There were only modest acute changes in cardiac biomarkers and electrocardiograms and there were no clinically significant cardiac events in patients with high-dose radiation exposure to the heart following thoracic radiation therapy (RT) and short-term follow-up.
Radiation therapy is standard of care for some patients with thoracic malignancies such as lung cancer, esophageal cancer, thymoma, or malignant mesothelioma. Radiation exposure to the heart is avoided when possible but even with advanced radiation therapy techniques there are instances when high radiation exposure to the heart is inevitable. The effects of acute high-dose exposure are not well defined.
Researchers at The University of Texas MD Anderson Cancer Center prospectively evaluated the cardiac function biomarkers brain natriuretic peptide (BNP), troponin-I (TNI), and electrocardiogram (ECG) in 25 patients receiving high-dose conformal radiation therapy for thoracic malignancies. Expected exposure to the heart was ≥20 GY. Biomarker measurements were taken before RT, within 24 hours of the first dose, on the day of the last dose, and at first follow-up 1-2 months after completion of RT.
The results published in the October issue of the Journal of Thoracic Oncology, the official journal for the International Association for the Study of Lung Cancer, show that TNI levels were undetectable in all patients before RT and increased slightly in 2 patients following RT but these returned to undetectable levels at the first follow-up. Changes in BNP were not correlated with mean heart dose on day 1, the final day of treatment, or at the first follow-up. One patient did have greatly increased BNP after the first dose but subsequently returned and stayed at approximately normal levels. In the collective population the mean BNP levels were slightly elevated at the end of RT and at first follow-up, but this may be attributable to the effect of chemotherapy on BNP in those patients that received concurrent chemotherapy and radiation. Twelve patients had some change in ECG readings at varying points in therapy but most resolved by the next measurement, were asymptomatic, and none required management.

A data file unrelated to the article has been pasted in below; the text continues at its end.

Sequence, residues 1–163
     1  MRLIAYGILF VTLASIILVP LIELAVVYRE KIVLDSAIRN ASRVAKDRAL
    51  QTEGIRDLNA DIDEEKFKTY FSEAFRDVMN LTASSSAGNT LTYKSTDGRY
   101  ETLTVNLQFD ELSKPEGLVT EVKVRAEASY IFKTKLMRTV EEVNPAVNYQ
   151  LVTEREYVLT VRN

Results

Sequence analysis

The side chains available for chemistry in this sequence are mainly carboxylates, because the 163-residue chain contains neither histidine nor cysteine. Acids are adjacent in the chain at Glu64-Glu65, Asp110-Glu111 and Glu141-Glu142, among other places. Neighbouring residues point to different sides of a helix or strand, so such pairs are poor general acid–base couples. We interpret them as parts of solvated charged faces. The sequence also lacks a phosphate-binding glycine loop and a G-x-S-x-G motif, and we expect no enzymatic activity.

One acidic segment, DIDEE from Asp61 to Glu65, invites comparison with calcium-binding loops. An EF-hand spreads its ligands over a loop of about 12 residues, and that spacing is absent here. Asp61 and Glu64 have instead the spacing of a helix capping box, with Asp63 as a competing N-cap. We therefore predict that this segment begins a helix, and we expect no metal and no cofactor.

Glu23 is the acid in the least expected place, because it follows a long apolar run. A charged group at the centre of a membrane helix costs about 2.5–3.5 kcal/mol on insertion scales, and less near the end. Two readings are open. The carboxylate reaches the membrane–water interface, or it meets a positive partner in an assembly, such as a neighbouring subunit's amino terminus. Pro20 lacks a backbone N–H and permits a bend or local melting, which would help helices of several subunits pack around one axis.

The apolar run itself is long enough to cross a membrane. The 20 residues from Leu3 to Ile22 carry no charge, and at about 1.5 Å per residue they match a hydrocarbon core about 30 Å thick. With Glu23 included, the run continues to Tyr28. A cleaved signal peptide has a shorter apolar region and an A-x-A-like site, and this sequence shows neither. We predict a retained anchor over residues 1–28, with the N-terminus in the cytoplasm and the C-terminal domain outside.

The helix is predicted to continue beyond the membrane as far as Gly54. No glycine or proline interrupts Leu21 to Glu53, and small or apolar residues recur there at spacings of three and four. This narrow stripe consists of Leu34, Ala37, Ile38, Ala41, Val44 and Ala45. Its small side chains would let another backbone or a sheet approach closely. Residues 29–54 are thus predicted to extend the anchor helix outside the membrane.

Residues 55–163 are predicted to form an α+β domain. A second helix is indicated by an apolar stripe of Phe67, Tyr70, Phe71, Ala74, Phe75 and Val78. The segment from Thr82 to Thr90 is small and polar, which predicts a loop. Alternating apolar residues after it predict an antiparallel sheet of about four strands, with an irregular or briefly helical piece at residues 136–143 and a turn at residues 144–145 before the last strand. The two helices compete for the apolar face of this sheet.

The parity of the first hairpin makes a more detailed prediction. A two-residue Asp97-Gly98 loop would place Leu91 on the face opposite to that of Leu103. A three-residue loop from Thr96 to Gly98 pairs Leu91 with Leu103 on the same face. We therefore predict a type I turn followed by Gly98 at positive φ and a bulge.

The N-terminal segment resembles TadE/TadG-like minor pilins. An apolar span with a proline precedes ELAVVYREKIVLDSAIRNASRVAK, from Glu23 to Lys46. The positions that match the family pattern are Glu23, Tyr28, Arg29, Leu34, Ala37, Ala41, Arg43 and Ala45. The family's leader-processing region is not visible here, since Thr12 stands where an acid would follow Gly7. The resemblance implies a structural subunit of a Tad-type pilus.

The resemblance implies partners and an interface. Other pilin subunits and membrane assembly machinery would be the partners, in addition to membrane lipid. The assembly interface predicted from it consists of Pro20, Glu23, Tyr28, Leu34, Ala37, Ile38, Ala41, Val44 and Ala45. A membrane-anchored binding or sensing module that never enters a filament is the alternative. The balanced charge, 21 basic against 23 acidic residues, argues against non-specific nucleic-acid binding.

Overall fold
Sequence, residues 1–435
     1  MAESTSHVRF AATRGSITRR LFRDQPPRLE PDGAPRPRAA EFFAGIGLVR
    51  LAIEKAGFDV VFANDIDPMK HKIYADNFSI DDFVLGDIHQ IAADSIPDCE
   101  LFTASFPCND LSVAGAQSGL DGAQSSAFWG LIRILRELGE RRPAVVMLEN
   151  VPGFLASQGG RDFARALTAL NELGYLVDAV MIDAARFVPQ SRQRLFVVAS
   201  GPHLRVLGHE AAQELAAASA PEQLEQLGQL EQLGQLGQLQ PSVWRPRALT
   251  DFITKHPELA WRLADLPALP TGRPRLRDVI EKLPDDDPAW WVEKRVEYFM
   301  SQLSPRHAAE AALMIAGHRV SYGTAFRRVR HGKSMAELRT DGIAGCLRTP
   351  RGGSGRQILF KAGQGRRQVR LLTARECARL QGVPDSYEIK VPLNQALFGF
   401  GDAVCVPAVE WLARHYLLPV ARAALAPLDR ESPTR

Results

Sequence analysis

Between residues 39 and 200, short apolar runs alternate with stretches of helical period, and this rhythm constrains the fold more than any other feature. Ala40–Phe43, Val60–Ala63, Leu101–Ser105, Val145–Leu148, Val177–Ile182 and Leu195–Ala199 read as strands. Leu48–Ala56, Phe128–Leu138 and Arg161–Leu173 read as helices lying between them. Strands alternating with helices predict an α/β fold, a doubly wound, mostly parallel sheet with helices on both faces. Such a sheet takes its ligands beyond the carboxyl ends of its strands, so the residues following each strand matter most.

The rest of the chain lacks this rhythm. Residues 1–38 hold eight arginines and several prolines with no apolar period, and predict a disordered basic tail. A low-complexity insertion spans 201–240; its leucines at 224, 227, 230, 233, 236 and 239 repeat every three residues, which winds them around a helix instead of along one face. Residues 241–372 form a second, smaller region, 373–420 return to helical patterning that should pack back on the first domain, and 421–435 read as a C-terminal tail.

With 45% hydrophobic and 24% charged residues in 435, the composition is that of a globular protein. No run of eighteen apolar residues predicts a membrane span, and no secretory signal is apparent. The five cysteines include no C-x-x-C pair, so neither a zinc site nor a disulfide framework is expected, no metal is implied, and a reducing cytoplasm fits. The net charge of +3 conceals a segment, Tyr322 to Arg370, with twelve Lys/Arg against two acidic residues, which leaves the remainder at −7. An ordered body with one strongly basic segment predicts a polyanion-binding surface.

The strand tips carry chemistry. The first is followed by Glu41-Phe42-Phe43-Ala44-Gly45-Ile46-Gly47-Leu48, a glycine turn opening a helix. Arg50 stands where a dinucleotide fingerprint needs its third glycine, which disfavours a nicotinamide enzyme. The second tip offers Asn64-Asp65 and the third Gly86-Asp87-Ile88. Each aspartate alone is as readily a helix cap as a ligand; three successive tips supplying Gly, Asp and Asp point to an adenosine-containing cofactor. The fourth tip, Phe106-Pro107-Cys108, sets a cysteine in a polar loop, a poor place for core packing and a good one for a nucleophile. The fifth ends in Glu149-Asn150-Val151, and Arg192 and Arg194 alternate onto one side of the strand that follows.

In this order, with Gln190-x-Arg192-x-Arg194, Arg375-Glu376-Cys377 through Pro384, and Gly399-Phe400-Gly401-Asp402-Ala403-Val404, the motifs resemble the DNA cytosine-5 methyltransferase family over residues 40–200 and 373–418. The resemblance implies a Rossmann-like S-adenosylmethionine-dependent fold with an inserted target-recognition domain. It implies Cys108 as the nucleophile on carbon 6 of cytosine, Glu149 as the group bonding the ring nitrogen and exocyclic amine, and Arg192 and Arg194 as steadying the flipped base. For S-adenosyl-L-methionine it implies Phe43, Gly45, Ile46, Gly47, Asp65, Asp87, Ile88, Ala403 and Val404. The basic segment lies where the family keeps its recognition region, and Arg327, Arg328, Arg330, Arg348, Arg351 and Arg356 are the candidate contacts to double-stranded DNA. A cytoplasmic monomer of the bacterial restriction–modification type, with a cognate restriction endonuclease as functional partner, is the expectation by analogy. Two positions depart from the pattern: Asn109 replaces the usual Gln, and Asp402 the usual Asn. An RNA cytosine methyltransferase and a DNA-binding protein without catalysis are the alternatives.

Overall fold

Dr. Daniel Gomez, lead author on this study, acknowledges that the goal of this study was to "observe if short-term trends could be observed in the acute setting but we are continuing to follow these patients and intend to pool the results of this study with those involving other patients with locally-advanced disease to determine whether further toxicity arises that warrants longer follow-up with these metrics". The authors suggest that for the future "A more complete clinical analysis should entail follow-up for at least 2 or 3 years and with an increased dose range; such a design presumably would reveal the impact of dose on both acute and late RT-related toxicity and thereby strengthen the associations observed in this analysis of acute effects".